You can try and push the pistons back into their bores, if difficult, open bleeder, if they then move freely, brake line problem.
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Unread 01-21-2009, 10:13 AM   #7
Briandl
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Quote:
Originally Posted by Turbonut View Post
Better check for an internal collapse of the brake line first.
It will inhibit the return of fluid so the pads stay hard against the rotor, but after a period of time the fluid will slowly bleed back and the brakes will work once again. Normally a frozen piston(s) wil be just that, the pistons will freeze in their bore and not move so the pads are in heavy contact with the rotor continuously.
You can try and push the pistons back into their bores, if difficult, open bleeder, if they then move freely, brake line problem.
The pistons aren't hard to push back in, they just won't go all the way back in themselves, they seem to go about 95% back in but not the last 5%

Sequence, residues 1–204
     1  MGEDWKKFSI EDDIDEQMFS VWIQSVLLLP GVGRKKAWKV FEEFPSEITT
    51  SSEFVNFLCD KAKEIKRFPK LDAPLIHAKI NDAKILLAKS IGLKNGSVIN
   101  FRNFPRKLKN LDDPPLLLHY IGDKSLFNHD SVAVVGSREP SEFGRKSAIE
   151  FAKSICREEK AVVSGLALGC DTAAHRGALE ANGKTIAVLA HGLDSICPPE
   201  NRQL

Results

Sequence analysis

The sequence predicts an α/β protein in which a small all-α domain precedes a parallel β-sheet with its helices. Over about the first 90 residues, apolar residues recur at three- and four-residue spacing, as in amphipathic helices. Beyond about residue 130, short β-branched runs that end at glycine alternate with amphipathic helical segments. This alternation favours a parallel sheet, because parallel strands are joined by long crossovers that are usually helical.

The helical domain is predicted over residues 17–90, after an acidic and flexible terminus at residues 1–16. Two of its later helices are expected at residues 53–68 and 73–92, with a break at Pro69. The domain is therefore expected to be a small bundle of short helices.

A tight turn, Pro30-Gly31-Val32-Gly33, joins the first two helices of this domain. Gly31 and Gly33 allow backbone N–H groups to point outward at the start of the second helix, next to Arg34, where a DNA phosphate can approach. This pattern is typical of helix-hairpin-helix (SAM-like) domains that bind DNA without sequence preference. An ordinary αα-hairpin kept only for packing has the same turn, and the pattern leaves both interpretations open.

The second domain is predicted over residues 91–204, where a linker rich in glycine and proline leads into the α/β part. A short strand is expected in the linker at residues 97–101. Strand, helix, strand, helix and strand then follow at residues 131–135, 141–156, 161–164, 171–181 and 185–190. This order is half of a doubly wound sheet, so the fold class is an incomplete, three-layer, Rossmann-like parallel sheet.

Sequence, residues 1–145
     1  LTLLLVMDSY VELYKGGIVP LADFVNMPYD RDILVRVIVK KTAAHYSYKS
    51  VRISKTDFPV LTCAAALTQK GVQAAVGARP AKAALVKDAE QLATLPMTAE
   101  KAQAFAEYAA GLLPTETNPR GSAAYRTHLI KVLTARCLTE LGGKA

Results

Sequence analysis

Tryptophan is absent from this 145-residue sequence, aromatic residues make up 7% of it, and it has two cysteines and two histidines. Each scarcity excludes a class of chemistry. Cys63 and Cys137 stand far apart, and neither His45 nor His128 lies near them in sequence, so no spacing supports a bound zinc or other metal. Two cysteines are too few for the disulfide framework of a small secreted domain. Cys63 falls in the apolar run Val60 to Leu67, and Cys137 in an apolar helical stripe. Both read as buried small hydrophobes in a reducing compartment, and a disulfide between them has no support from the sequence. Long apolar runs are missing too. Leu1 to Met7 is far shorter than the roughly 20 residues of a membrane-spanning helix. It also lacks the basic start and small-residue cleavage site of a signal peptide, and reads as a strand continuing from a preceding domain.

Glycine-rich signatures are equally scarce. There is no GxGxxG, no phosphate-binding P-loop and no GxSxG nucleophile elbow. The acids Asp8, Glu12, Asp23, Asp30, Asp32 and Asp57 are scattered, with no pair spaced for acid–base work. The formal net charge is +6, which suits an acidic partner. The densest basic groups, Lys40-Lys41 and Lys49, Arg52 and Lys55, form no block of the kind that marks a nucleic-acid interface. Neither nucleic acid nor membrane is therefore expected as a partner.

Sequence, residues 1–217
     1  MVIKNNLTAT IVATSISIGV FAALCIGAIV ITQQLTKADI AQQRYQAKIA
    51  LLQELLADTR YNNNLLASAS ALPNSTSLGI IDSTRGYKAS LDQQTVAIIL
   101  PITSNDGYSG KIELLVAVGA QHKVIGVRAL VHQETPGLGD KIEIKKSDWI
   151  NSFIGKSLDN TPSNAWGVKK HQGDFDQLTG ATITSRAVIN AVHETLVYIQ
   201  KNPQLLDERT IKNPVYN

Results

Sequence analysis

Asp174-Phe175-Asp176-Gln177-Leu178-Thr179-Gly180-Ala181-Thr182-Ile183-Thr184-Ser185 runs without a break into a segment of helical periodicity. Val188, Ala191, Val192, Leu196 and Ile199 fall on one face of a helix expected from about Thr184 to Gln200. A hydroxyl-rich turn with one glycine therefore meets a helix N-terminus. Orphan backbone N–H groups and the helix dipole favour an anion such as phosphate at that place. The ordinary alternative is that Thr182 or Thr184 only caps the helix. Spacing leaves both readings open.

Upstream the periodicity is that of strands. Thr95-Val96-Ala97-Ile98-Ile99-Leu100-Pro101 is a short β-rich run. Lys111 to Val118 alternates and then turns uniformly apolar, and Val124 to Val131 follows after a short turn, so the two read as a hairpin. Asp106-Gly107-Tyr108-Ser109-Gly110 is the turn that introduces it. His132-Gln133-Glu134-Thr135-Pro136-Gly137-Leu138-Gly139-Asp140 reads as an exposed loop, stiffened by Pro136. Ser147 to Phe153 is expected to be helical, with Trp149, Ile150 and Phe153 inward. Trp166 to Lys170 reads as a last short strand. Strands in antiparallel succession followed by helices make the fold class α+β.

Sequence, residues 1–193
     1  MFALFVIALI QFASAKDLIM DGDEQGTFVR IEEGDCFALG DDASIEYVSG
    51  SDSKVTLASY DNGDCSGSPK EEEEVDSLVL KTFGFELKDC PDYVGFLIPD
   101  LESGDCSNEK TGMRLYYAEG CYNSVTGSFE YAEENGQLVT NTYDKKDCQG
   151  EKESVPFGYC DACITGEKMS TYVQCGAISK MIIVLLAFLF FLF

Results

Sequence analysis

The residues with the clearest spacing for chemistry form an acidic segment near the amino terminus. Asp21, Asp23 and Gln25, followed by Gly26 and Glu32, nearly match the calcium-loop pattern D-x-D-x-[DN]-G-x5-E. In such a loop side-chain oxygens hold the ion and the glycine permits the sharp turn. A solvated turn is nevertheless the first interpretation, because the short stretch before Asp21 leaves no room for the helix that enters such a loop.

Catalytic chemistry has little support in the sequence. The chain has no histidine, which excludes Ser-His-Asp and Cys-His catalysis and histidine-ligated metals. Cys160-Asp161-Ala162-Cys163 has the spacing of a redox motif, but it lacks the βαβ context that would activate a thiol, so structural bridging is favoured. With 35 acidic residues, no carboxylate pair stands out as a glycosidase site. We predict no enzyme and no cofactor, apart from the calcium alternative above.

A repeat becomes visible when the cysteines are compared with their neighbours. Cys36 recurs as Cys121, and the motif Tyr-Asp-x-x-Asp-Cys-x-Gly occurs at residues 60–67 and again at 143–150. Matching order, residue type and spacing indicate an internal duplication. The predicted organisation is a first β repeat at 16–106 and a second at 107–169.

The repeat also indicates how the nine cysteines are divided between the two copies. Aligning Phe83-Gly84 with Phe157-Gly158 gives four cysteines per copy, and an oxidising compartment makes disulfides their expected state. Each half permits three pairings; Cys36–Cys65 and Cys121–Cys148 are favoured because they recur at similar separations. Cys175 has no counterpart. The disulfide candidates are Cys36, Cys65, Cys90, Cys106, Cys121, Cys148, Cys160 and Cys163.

Also, as far as I've seen the brakes won't unlock no matter how long I let them sit.

Thanks for the suggestion, that's the only two things I've heard it could be.

I'll look into it more, do you have any other suggestions on how to check for a collapsed brake line?

Any idea why it won't do it until the brakes have been used for a while?

I'm still getting some people that tell me to replace both calipers, and some that say it's ok to only replace one (if that's the problem).
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Unread 01-21-2009, 10:37 AM   #8
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If you didn't clean and regrease the caliper slide pins, you probably should get that done.